Video thumbnail guide

/ Max Thorpe

Maximizing your video thumbnails

We’ve all heard the saying, “don’t judge a book by its cover”. Whether you do or not is your prerogative, but when it comes to YouTube, everyone judges a video by its thumbnail. Custom video thumbnails are essential if you want your content to get clicked-- sometimes the three samples provided by YouTube just won’t cut it. This article will serve as a video thumbnail guide, providing you with best practices, as well as how to implement them on a budget. So without further ado, here’s your video thumbnail checklist to help you boost views, likes and shares. 

1. Accurately portray your video content in your video thumbnail

Don’t mislead your audience by using a thumbnail that has absolutely nothing to do with the content in your video. For instance, if you’re creating a product review video about the latest GoPro camera, don’t use a thumbnail of a bikini-clad model in the tropics. This will frustrate your viewers and make them less likely to watch your content in the future. Furthermore, these shady tactics can actually lead to your video getting penalized in search rankings or even cause your YouTube account to be removed altogether.

How to implement: 

Rather than trying to capture a screenshot of a certain point in your video, opt for taking a separate picture that’s related to the content. This will help you avoid settling for a blurry screenshot. If you’re in the video, take a good picture of yourself and use that. Otherwise, take a picture of your subject, preferably in front of a plain background to make it easy to replace with a brighter digital background. 

example of a bad video thumbnail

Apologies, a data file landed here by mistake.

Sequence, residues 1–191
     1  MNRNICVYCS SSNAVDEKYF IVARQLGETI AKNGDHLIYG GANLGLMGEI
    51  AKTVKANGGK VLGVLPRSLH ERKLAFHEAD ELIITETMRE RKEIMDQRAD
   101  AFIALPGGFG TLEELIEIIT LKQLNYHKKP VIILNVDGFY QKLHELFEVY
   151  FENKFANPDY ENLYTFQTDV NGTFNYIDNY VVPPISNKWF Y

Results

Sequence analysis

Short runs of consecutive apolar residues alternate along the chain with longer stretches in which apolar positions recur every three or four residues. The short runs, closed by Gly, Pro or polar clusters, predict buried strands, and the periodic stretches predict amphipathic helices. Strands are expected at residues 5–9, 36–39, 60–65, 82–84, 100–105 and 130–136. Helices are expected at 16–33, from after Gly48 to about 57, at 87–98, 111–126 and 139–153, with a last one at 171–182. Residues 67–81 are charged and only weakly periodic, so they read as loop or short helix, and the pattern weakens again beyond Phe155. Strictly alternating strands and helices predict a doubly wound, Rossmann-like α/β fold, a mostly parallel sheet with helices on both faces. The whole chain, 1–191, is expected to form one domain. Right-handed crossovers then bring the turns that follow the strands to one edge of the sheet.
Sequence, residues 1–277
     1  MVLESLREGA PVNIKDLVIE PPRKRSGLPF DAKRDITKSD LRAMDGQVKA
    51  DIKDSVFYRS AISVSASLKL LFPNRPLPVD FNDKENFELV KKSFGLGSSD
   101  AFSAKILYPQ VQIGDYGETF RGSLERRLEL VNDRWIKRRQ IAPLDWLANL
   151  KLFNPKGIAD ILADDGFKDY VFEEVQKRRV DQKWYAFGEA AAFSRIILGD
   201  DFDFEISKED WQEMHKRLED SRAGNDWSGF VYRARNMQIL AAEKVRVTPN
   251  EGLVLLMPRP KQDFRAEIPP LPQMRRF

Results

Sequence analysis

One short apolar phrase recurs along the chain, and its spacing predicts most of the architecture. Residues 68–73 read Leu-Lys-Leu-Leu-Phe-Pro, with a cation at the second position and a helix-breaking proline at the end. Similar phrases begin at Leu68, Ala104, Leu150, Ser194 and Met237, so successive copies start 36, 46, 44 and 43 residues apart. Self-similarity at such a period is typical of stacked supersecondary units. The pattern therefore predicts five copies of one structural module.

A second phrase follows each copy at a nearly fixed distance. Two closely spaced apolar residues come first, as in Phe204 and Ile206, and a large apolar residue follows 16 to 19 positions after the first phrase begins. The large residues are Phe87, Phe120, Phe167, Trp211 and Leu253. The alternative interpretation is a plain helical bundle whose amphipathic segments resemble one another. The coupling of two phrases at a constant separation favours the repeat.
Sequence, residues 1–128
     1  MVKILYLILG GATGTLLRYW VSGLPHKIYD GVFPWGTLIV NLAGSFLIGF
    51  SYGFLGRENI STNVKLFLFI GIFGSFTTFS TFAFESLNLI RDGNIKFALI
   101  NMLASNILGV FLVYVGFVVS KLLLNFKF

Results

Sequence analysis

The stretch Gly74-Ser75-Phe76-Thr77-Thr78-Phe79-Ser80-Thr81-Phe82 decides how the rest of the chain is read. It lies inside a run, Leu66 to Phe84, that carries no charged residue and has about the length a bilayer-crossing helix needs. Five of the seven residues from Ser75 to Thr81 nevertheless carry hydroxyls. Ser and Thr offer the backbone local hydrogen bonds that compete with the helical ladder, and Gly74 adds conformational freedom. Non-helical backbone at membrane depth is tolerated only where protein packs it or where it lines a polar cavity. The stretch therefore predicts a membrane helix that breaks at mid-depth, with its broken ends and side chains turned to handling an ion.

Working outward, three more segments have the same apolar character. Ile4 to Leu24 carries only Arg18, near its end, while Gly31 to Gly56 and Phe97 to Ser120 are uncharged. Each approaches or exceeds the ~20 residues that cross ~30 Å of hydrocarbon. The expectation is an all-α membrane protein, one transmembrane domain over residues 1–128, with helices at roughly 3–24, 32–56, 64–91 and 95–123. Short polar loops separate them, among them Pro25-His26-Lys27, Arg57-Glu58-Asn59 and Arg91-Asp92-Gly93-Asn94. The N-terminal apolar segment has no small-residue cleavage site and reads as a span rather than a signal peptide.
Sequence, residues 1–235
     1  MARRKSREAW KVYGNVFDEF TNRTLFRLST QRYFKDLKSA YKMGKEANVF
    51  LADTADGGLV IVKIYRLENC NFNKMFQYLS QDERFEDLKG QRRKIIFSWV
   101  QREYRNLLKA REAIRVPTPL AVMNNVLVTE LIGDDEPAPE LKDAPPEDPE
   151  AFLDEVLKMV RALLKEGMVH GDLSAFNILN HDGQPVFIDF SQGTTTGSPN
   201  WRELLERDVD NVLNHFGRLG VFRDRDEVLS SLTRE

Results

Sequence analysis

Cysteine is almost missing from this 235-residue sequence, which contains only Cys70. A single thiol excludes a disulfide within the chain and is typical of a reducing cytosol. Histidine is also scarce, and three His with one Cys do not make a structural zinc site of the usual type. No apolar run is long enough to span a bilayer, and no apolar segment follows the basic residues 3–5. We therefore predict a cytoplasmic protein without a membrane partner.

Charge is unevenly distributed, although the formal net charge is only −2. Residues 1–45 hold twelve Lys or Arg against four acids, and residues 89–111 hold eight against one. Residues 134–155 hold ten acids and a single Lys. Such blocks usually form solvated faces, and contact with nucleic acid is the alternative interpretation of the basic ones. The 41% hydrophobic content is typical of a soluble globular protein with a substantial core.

2. Include a face in your video thumbnail (when relevant)

Including a close-up of a face in your thumbnail has proven to increase the click rate if for no other reason than that it’s harder to say no to a person’s face than it is without. A facial expression conveying emotion and eye contact helps your viewers who are scrolling through thumbnails feel a connection. It humanizes the content and provides a preview of what the viewer can expect to feel after watching the video. 

While we do recommend including a face in your video thumbnail, there are certain videos where doing so would conflict with step #1 - (accurately portraying video content). For instance, if your video is a cooking recipe guide or a video game walkthrough, you’re better off featuring the subject in the thumbnail (i.e. the final recipe, or a close-up of the video game character). 

How to implement: 

Use your smartphone’s camera to capture a facial expression to incorporate as your video thumbnail. If you don’t have someone to take the image for you, a simple selfie will work just fine given that the picture should be a close-up. 

Include a face in your video thumbnail

3. Use bright background colors in your video thumbnail

Make your thumbnail stand out with bright colors and differentiate your content from the competition. The human eye is most sensitive to the color yellow-green because it takes two cones to perceive, stimulating our vision more than other colors. So consider incorporating them whenever possible. That said, be careful not to go overboard with the bright colors as your thumbnail can come off as cheap and tacky. If a bright background isn’t feasible without coming off gaudy, consider inserting a bright outline for your subject(s) in your thumbnail. 

How to implement: 

Most of the thumbnails that have bright backgrounds on YouTube are created in post-production (as opposed to taking a selfie in front of a bright-colored wall). They are created by removing the background around the subject and then putting a bright background layer behind it. The tool of choice to do this is Adobe Photoshop. However, that may not be feasible for everyone, so the free alternative is to use a free background remover instead. Another option is to use WeVideo’s chroma key feature to remove the background color and then export the image. After you have you’ve removed the background you can upload your image into Canva, a free graphic design tool website.